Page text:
“One of my friends,” says Lisa Tchenguiz, a 51-year-old multimillionaire divorcee, “her husband went back to an ex-mistress from 15 years ago. He’s not talking to his wife any more. They were married for 27 years! This is the life. This is what is happening to the world today.”Is it just me? Am I the only one who spots something a little awry in the chronology there? It was a clue, among many other clues, that the world of Millionaire’s Ex-Wives Club was not the world in which most of us live.
Don’t take this the wrong way, but I’ve been trying to find a reason to be against gay marriage. There aren’t any. There’s just God and the “eeeuw” factor. And, while these might seem like pretty powerful reasons to be against gay marriage if you’re that way inclined, they don’t do it for me and they shouldn’t do it for the country, either. This is not to be a fighty column. Although it could be.
Generally speaking it’s a waste of your life bickering with Nazis on Twitter in the middle of the night, but I do it too much, anyway. What can I say? Some men have train sets. Sometimes, though, it’s useful. A few years ago, a bunch of more erratic anti-semites saw the green shirt I used to wear in my Twitter profile photo and decided that it must be my uniform from my time in the Israeli Defence Force.
Muck Rack makes it simple to find people, tweets, or articles that mention any name, keyword, company, hashtag etc. We've compiled this guide to help you make the most of your search.
Selecting a term
Start searching tweets, articles from media outlets, articles mentioned in tweets, journalists'
names, titles and bios with some suggested searches:
Companies or Topics (e.g. iPhone, Microsoft)
Phrases (e.g. "cloud computing") — use quotes to keep the terms together
Twitter handles (e.g. @username) — returns those who have mentioned or replied to
Names (e.g. "David Pogue")
Hashtags (e.g. #sxsw, #london2012)
Bio details (e.g. vegan, Olympics, father)
Muck Rack's Advanced Search allows for many boolean operators.
Find results that mention multiple specified terms, use AND or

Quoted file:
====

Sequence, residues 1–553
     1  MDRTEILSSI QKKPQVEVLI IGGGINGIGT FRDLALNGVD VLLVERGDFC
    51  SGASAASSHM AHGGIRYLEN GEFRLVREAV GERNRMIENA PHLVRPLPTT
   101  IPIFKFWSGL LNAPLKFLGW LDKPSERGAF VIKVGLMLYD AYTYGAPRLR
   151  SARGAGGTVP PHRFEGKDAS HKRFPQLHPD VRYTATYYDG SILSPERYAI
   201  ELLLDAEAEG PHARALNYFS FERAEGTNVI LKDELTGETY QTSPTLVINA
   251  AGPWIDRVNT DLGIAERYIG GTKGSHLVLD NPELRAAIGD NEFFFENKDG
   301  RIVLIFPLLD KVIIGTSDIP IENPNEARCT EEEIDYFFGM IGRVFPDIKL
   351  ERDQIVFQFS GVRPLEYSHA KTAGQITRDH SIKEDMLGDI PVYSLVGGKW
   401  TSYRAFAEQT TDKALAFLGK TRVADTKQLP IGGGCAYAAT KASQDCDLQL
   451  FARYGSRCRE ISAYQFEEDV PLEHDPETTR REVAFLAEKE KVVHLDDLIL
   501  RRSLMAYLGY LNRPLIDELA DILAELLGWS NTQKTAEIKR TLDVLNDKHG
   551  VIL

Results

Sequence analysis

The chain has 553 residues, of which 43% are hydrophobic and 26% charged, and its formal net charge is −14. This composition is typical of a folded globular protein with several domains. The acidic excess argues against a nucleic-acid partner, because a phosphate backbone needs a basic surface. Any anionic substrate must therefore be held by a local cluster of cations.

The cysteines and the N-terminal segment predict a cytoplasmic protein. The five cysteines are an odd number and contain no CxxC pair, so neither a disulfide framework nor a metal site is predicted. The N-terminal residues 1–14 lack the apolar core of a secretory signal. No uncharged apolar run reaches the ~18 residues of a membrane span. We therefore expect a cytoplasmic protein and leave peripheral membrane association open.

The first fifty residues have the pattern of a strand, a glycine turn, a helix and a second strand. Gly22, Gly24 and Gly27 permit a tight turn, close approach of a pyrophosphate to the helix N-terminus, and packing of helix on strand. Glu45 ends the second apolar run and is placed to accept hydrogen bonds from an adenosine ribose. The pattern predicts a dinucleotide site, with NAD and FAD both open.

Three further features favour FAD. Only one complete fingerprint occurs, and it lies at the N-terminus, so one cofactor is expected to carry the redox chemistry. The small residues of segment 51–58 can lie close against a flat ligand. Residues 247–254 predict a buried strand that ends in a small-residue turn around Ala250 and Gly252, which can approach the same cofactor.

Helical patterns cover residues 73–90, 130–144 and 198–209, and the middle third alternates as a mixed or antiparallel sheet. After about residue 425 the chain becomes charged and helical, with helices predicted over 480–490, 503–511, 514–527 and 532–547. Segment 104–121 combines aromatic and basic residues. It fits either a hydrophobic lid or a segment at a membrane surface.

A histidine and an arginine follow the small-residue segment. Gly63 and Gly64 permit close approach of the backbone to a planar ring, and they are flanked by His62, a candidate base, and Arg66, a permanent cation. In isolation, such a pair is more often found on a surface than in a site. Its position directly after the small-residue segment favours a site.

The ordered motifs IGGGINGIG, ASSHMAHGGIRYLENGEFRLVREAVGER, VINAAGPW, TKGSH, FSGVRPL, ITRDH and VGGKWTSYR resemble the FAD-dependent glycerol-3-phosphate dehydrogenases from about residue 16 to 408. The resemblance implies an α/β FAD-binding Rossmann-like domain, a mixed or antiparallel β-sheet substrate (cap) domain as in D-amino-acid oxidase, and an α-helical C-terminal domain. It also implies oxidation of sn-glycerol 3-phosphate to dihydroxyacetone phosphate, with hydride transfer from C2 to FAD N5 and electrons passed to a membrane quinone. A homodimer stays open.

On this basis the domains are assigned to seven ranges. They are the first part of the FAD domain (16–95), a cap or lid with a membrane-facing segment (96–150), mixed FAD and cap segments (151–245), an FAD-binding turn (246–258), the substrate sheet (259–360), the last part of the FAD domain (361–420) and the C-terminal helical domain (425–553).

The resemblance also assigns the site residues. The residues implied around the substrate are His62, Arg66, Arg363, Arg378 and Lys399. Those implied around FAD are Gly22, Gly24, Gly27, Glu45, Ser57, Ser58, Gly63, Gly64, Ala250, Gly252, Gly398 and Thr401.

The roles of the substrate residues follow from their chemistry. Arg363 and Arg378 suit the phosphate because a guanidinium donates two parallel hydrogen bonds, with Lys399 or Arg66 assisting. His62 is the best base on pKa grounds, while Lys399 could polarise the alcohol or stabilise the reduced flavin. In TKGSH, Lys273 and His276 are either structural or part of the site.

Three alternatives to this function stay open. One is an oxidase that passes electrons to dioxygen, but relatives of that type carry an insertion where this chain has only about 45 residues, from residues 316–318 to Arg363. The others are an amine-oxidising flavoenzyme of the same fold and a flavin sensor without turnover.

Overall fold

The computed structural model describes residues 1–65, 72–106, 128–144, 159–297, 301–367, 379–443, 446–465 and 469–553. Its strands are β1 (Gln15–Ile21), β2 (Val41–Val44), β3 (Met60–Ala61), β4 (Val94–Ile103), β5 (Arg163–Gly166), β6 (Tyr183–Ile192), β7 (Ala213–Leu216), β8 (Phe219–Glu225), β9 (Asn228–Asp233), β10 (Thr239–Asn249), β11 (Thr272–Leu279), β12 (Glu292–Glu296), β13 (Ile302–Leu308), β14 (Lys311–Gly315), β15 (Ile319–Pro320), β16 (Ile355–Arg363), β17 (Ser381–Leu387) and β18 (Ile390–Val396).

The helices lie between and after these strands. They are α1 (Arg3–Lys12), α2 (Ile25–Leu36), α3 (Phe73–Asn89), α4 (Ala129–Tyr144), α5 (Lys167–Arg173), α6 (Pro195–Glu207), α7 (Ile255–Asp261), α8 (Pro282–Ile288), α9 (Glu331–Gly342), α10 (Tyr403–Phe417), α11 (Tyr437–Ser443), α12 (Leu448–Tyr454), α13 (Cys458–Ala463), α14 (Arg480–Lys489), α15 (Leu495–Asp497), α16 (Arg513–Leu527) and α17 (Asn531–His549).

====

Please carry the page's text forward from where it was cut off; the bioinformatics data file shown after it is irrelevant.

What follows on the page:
+. For example, ensure each result contains both Elon Musk and Mark Zuckerberg by
searching Musk AND Zuckerberg or Musk + Zuckerberg.
Use the operators OR or , to broaden your search when you'd like either of
multiple terms to appear in results. (This is the default behavior of our search when no operators
are used). For example, results will contain either cake or cookie by searching cake OR cookie or cake,cookie
Use NOT or - to subtract results from your search. For
example, searching Disney will yield results about the Walt Disney Company as well as Walt Disney
World Resort. To exclude mentions of Disney World, search for Disney -World or Disney
When using one of these operators with a phrase, enclose it in quotation marks. For example, you can
find results about smartphones excluding Apple's iPhone 4S by searching smartphone -"iPhone
Exact case matching or punctuation
If you're searching for a brand name or keyword that relies on specific punctuation marks or capitalization, you can
find results that match your exact query by adding matchcase: before the keyword you're searching for, like matchcase:E*TRADE .
Use parentheses to separate multiple
boolean phrases. For example, to find journalists talking about having fun in Disney World or
Disneyland, search for ("disney world" OR disneyland) AND fun.
An asterisk can be used to search for any variation of a root word truncated by the asterisk. For example, searching for admin* will return results for administrator, administration, administer, administered, etc.
A near operator is an AND operator where you can control the distance between the words. You can vary the distance the near operation uses by adding a forward slash and number (between 0-99) such as strawberries NEAR/10 "whipped cream", which means the strawberries must exist within 10 words of "whipped cream".